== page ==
We conduct direct experiments to discover how structures, systems or the whole animal works. We subject animals to a variety of performance events that involve some aspect of locomotor performance. We measure the performance of an animal under a controlled condition and then vary one parameter and make another measurement. For example, we have measured the cost of locomotion and endurance for animals that run continuously and compare them to running intermittently at twice the speed, but resting half the time. We then speculate on the mechanism resulting in performance differences.
Comparative approach. We use the comparative method to seek general architectural principles for species which have evolved vastly different solutions to the problems of terrestrial locomotion. These “novel” biological designs can be used as natural experiments to probe for basic themes synthesizing the relationships between morphology, physiology and performance.
Our goal is to understand how animals work. Any feature we study could be: 1) an adaptation to a unique environment, 2) a general principle that can be applied broadly, 3) historical accident and constraint, or 4) some combination of 1-3. We use phylogenetic comparative methods to tease apart these possibilities. Adding a phylogenetic control for natural experiments (comparisons among species) allows for stronger mechanistic explanations and enhances statistical inference by preventing pseudoreplication of closely related species. Phylogenetic methods can also aid in choosing the best species for a traditionally controlled laboratory experiment.
We contend at least two complementary approaches are required to address the complexity of the musculo-skeletal system. Direct measurements of select musculo-skeletal parameters are essential and irreplaceable. Equally as important, however, is the creation of a musculo-skeletal simulation or model. A model can serve several purposes. First, the model can operate as a hypothesis generator for direct experimentation. Second, the model can guide direct experimentation by the use of sensitivity analyses to identify the parameters to be measured that will most likely have the greatest effect on performance. Third, the model can allow estimation of parameter values that are simply too difficult to measure directly.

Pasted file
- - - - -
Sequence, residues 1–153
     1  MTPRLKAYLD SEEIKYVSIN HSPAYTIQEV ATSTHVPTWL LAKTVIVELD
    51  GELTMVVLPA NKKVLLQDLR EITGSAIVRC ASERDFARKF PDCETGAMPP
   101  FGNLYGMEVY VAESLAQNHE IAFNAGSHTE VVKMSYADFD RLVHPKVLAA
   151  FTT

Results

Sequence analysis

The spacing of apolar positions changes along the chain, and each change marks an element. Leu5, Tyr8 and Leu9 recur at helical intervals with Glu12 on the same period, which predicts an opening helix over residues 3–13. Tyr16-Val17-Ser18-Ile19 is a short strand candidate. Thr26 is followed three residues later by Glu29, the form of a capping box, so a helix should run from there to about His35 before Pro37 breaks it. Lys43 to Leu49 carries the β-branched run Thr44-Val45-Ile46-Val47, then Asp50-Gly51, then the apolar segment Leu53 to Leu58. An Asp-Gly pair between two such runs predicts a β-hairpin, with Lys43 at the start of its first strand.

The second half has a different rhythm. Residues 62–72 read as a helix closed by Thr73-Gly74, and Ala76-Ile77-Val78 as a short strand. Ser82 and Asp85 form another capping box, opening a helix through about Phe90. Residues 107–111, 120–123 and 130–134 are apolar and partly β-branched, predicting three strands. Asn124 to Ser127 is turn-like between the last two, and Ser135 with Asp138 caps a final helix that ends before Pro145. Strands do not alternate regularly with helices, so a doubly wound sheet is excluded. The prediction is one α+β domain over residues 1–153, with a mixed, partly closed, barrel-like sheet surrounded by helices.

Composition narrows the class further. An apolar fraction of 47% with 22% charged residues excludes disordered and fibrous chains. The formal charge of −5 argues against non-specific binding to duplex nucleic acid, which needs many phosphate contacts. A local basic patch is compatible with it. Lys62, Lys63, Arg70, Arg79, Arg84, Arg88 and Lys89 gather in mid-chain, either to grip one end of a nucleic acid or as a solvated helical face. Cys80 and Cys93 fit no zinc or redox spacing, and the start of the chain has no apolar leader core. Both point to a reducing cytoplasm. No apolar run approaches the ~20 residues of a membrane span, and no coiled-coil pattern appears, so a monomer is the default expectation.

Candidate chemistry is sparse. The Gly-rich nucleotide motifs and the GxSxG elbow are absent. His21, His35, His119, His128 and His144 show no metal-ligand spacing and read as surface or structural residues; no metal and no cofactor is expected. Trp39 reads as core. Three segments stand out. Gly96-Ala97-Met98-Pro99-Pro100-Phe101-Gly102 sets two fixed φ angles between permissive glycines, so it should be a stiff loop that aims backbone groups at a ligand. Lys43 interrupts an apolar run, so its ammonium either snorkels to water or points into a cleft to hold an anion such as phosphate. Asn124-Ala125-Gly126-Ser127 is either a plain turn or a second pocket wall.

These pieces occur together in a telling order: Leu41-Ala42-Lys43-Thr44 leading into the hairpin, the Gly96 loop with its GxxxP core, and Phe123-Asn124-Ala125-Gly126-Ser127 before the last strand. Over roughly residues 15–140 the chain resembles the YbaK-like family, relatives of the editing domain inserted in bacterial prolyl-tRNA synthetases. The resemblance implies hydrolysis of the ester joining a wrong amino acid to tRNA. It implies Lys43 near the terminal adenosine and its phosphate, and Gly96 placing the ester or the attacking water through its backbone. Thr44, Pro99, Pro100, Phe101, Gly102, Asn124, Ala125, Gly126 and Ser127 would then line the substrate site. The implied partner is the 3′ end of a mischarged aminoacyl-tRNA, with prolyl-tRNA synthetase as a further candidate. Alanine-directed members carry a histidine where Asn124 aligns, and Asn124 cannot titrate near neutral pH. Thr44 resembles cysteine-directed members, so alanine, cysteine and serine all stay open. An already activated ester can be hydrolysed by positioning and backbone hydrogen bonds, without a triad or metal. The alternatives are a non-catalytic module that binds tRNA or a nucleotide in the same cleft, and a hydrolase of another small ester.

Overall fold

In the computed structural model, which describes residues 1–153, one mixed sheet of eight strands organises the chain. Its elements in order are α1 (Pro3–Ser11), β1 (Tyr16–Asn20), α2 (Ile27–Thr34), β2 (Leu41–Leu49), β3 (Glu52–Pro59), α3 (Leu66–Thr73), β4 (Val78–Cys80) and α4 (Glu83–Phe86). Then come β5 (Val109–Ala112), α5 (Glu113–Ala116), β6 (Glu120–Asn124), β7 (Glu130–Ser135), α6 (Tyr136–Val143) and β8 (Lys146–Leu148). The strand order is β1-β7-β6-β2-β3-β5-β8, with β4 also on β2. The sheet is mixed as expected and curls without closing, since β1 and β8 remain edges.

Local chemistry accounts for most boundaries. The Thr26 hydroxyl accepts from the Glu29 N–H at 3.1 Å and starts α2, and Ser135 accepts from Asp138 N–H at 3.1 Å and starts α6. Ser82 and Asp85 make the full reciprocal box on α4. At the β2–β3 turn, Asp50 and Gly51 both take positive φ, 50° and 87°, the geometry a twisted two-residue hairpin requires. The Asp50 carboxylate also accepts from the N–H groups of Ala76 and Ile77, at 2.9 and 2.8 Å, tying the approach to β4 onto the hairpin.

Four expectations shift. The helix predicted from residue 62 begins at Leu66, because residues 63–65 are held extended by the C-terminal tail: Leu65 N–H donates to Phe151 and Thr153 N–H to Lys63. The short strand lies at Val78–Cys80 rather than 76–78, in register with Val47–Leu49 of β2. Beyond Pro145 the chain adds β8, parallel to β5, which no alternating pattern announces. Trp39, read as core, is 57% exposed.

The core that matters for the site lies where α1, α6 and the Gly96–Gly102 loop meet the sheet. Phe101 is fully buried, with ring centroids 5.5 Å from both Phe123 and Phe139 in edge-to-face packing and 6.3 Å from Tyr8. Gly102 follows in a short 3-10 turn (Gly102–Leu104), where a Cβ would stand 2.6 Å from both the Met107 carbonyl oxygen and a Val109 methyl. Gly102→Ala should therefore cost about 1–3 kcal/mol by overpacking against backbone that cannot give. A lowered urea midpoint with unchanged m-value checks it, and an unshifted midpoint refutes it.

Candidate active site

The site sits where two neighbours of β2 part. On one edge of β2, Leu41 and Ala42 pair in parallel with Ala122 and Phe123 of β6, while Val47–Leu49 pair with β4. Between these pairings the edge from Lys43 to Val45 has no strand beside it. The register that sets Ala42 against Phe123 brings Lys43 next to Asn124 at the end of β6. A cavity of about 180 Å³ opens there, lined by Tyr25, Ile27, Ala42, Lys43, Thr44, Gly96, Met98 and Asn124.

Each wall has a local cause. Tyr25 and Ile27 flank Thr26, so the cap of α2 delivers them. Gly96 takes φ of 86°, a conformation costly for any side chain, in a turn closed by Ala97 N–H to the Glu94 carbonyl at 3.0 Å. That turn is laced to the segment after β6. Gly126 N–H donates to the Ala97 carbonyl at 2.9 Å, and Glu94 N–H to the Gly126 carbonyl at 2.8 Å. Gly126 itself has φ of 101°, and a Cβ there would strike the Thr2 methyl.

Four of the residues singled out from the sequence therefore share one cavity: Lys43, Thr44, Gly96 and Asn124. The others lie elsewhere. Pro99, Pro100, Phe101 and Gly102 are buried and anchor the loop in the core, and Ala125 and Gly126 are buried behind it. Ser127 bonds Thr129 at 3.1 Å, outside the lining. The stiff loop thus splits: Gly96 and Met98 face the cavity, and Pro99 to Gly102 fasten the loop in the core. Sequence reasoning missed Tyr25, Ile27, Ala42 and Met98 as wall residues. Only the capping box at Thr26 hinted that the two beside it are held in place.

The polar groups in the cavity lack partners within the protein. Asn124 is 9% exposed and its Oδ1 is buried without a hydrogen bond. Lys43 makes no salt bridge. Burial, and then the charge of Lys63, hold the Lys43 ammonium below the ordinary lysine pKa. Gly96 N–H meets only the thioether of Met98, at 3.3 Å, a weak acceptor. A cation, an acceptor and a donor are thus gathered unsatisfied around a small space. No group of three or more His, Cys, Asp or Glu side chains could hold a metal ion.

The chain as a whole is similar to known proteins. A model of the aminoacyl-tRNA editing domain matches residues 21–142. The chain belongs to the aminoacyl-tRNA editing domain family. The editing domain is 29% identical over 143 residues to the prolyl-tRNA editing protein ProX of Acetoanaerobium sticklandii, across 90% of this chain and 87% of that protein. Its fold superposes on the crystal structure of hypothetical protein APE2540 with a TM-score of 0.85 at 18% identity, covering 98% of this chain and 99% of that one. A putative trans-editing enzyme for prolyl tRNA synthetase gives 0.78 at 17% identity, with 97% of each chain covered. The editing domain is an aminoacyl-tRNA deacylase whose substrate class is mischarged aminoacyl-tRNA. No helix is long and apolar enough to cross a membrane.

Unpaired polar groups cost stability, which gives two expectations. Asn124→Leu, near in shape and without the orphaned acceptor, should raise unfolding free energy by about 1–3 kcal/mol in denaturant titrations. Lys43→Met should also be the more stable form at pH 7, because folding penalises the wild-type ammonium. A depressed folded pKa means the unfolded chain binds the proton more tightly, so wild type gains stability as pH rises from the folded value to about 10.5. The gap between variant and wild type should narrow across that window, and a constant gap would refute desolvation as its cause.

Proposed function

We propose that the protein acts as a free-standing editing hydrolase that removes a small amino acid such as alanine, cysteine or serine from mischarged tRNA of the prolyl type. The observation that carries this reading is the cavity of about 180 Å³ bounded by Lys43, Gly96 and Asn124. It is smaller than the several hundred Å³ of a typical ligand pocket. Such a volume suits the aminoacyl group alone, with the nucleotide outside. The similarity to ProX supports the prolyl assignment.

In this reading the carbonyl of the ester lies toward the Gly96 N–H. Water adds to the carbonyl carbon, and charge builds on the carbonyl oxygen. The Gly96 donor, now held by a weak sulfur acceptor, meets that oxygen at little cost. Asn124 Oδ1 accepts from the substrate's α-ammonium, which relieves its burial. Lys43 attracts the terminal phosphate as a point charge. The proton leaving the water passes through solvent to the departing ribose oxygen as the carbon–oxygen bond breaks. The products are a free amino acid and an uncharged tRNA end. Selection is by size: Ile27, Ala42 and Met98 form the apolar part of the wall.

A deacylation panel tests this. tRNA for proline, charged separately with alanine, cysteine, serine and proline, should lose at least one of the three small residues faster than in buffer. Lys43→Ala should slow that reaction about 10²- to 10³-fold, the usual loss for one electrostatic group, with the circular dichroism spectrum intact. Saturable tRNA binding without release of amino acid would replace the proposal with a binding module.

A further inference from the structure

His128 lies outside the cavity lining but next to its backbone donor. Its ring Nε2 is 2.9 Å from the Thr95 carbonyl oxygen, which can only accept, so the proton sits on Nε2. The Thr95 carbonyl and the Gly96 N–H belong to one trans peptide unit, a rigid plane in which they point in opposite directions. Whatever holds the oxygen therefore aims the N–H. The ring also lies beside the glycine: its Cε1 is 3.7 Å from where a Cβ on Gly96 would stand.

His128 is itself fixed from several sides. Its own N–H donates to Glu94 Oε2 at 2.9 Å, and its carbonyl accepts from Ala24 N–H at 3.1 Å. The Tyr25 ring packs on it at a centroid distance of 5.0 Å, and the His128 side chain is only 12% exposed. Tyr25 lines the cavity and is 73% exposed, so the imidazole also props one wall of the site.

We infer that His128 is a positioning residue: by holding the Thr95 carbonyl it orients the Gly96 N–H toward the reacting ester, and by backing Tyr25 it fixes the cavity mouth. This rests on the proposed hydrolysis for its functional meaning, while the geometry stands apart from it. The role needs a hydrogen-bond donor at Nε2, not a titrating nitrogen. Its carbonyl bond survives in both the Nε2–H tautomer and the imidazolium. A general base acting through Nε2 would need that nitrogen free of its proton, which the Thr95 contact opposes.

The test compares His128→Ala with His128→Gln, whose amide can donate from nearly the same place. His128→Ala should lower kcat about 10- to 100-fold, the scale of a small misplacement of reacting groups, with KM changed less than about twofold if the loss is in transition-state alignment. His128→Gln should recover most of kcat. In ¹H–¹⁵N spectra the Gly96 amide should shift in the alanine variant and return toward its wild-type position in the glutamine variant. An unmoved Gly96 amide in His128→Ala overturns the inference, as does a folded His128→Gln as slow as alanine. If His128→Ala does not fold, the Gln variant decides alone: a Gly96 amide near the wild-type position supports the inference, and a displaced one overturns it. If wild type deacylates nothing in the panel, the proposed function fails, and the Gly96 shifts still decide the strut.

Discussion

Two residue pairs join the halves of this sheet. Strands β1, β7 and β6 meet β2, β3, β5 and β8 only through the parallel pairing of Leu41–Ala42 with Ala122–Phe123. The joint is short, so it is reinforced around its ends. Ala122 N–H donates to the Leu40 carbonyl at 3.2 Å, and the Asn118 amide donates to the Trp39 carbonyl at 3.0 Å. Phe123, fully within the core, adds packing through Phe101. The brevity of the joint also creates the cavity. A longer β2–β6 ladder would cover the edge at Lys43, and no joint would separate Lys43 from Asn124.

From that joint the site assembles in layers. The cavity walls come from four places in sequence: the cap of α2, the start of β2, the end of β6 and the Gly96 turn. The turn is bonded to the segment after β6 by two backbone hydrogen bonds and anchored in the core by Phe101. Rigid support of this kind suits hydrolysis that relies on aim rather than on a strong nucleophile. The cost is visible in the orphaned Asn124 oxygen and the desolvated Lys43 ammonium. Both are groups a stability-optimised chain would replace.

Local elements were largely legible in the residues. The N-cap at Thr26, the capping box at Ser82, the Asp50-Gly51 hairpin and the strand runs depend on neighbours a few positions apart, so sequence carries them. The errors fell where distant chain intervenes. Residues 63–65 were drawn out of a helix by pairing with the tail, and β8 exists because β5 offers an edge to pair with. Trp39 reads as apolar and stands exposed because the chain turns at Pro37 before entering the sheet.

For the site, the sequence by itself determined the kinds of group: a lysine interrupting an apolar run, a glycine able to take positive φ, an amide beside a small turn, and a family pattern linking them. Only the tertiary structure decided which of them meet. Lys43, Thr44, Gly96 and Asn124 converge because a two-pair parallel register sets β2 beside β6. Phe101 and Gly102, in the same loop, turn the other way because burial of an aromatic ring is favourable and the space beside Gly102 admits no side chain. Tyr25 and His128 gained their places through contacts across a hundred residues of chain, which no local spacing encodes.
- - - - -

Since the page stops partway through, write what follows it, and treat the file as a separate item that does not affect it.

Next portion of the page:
By the creation of a three dimensional musculo-skeletal model of an insect leg using software program (SIMM, Musculographics Inc.) and a whole body dynamic model (Boston Dynamics Inc.), we are attempting a first step in integrating the mechanics, neural control and musculo-skeletal function in arthropod terrestrial locomotion.
We are in the Department of Integrative Biology where we attempt to integrate across:
1. Levels of organization (molecules to eco-systems)
2. Organisms (plants, invertebrates and vertebrates)
3. Time (evolution)
In our laboratory, we also attempt to integrate Nature with Computer Science and Engineering by collaborations with experts in these other fields. We benefit from these collaborations in that we can learn more of the quantitative analyses used by engineers in answering questions about how animals work. We can use the techniques of computer science to test ideas that are too difficult to test on the animals. At the same time we can give the engineers and computer scientists Biological Inspiration, new design ideas for control strategies and mechanics. We both benefit. We call this Biological Inspiration (We don’t like the term Biomimetics because it implies that we should design man-made constructions to mimic nature. Nature is spectacular, but remember evolution works on the just-good-enough principle. Many animals are constrained by their history and development. It’s like building a car. Humans could start from scratch and use different designs and materials. Animals must make small changes in what their ancestors left them, like trying to modify a used car. In many cases humans can do better than nature. However, what nature does supply are amazing design ideas that can be transferred to computer science and engineering, Biological Inspiration).